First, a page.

References:

Eranti, Veikko. 2014. Oma etu ja yhteinen hyvä paikallisessa kiistassa tilasta. Sosiologia 1/2014.

Harvey, David. 2013. Rebel Cities: From the right to the city to the urban revolution. Verso: London. ISBN-13:978-1-78168-074-2.

Its all about the sound

This is a soundclip I compiled of what I had after going through what was mostly just wind and rattling, due to the weather circumstances. For this reason it is not from one place, but more like a compilation of the places we walked through. It starts with loud chatter and sounds of vehicles (and wind) but gradually towards the end, easens off to a almost complete silence with only the sound of a distant conversation. I feel it wraps up the varying surroundings we passed from centers with people, to quiet pedestrian walkways, to bridges over highways, to forests of calmness. But always with people.

Measuring unmeasurable

Density is an interesting concept, that means simply how much of the measured is in a given space. Population density is perhaps one of the major “densities” when talking about an urban area. As a lecturer (Lotta Junnilainen if I recall correctly) pointed out this week: a city is not much without its people. Density is always defined not only by how many units there are, but in what space. Its all pretty simple when you first think about it, but to make meaningful interpretations and comparisons with different densities one must understand the nature of the space that the density is calculated for. What I mean by this is not only do you have to keep in mind the amount of people in relation to the area, but also what are the charasteristics or the function of that area of space.

If you calculate the population density for a given building lot, you will get a higher number each time you put an extra floor on top of the building. If you take a set area, say one square kilometre, and calculate the density of residents for that including roads, parks, shops, houses and railways, you will get a number, but it will not tell you much of you don’t know whether it’s an industrial zone, high-rise suburb or a low town-house district in the innercity.

All in all, what I guess I wanted to say is that density as an absolute figure doesn’t tell much without adequate background knowledge on the area. That said, I still think that population density (in all its possible calculation methods) is an important tool when measuring the city. My previous studies being in sociology, it probably goes without saying that for me, the city is first and foremost the people in it.

But while the people are the true heart of the city, they alone are meaningless. What truly is meaningful is who they are or more precisely who they can be in that city. Densely built cities, in theory, give a fertile ground for different entrepreneurs because of the high number of potential customers. In that sense any given individual would, in theory, have more options to support themselves and accordingly any given individual would have more options to consume their time and money in a dense city.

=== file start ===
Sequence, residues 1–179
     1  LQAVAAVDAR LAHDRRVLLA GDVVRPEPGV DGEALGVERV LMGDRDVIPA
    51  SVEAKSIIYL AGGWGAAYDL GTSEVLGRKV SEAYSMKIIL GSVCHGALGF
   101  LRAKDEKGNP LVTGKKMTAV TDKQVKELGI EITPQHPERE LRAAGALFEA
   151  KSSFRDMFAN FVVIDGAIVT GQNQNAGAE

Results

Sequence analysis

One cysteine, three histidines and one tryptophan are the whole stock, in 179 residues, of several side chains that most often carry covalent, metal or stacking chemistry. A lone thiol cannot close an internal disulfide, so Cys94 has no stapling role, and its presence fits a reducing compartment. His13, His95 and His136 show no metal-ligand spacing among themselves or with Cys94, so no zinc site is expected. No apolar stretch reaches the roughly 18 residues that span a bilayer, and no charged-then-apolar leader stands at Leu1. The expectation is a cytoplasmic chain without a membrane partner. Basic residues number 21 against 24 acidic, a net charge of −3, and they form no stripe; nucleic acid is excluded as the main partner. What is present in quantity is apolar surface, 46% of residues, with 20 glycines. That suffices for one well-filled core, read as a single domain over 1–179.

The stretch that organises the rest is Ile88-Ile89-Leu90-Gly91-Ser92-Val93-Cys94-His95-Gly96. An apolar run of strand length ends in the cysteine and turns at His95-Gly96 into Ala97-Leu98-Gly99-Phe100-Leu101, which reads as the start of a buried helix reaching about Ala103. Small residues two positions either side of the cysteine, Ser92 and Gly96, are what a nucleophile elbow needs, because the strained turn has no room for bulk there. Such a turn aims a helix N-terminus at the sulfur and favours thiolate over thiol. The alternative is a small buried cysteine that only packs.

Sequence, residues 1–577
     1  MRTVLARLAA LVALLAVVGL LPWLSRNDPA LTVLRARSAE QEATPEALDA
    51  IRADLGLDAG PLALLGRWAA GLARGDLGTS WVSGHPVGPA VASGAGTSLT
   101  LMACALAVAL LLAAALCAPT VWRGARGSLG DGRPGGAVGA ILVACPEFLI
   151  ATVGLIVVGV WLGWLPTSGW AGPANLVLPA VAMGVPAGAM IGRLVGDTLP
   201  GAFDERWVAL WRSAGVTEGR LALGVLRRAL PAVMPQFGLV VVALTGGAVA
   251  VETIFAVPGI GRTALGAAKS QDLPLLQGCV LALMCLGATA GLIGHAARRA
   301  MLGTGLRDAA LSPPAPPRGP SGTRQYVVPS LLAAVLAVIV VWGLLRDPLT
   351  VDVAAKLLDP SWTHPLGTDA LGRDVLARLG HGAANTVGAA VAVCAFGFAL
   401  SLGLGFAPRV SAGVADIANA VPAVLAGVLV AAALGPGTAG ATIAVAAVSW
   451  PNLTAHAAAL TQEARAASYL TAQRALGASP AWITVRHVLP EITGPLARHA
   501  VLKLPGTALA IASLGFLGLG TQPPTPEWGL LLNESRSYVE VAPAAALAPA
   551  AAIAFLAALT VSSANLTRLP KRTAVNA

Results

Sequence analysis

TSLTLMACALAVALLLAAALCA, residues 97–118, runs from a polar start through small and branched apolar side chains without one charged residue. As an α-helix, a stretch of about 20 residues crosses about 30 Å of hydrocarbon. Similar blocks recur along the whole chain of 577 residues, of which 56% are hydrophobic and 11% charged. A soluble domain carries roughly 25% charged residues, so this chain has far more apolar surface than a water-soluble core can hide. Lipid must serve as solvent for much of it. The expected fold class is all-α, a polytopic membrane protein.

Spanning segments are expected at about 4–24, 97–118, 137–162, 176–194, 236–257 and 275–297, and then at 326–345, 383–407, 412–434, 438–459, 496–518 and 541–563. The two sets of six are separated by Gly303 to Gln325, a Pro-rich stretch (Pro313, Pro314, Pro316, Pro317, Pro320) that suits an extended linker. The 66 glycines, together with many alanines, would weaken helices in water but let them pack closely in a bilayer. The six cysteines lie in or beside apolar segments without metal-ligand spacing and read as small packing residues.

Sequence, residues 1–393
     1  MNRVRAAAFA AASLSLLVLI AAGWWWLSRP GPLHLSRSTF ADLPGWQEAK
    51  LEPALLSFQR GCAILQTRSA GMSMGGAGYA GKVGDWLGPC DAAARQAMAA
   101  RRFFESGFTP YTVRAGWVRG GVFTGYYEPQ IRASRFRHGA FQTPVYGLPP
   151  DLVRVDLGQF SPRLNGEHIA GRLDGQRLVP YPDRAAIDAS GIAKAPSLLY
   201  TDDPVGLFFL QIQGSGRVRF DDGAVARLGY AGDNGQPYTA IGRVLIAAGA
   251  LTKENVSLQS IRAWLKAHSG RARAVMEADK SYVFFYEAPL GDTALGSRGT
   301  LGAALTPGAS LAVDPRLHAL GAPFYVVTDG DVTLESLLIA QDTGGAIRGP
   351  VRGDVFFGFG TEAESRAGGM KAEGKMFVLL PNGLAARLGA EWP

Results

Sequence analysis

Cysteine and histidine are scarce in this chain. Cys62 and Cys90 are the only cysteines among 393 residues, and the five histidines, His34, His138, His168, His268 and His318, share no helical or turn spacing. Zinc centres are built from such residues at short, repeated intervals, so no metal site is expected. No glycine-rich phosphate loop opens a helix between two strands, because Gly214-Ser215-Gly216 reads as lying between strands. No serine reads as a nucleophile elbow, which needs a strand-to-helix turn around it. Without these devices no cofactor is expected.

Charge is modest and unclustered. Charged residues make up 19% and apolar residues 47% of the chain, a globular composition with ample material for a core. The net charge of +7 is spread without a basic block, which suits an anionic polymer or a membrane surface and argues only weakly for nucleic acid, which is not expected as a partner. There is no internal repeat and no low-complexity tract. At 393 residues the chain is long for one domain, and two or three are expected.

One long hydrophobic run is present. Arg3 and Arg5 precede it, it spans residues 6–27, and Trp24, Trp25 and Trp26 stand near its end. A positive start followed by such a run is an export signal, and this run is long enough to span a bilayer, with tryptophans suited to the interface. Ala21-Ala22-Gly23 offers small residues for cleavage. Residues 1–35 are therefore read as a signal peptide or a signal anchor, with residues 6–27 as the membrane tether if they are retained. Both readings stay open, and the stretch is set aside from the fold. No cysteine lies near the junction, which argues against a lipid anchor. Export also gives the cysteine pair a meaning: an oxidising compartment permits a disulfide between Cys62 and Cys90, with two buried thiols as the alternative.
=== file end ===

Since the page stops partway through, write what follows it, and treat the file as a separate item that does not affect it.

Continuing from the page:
Following that, one might think that increasing the density to the maximum would be a simple answer in creating the maximum amount of possibilities? I fear that it is not so black and white. Like I stated earlier density alone is not a sufficient metric for good or bad urban life and increasing (or decreasing) it has implications on the qualities of the area. Increasing the density of people in an area without adjustments to the infrastructure, for example, creates congestion.

Densifying an area can also mean smaller homes, higher buildings shadowing the streets or insufficient public services, crowding the schools and public transport, essentially making life worse in those areas. That’s where I believe design comes in. Managing dense or densifying neighbourhoods with smart design solutions and sensible investments can make all the difference between two equally dense areas. I think the uses for density as a notion is less about the figures, even though they are the basis, and more about how the density is reached in a balanced manner and what it means in terms of a specific set of other circumstances.

Beyond wikipedia – Well planned is half done?

 

The story of Haaga as an urban part of the city of Helsinki can be said to have started roughly a hundred years ago. In the beginning of the 1900s Helsinki did not own much of the land areas it does today, and infact until 1946 the whole of Helsinki was pretty much the peninsula located between Seurasaarenselkä in the west and Vanhankaupunginselkä in the north-east and Kruununvuorenselkä in the south-east.

Obviously, there was life outside the peninsula, and much of it had to do with Helsinki, but it appeared that Helsinki had little interest to make land purchases on these areas in the beginning of the 20th century, even allegedly given the chance.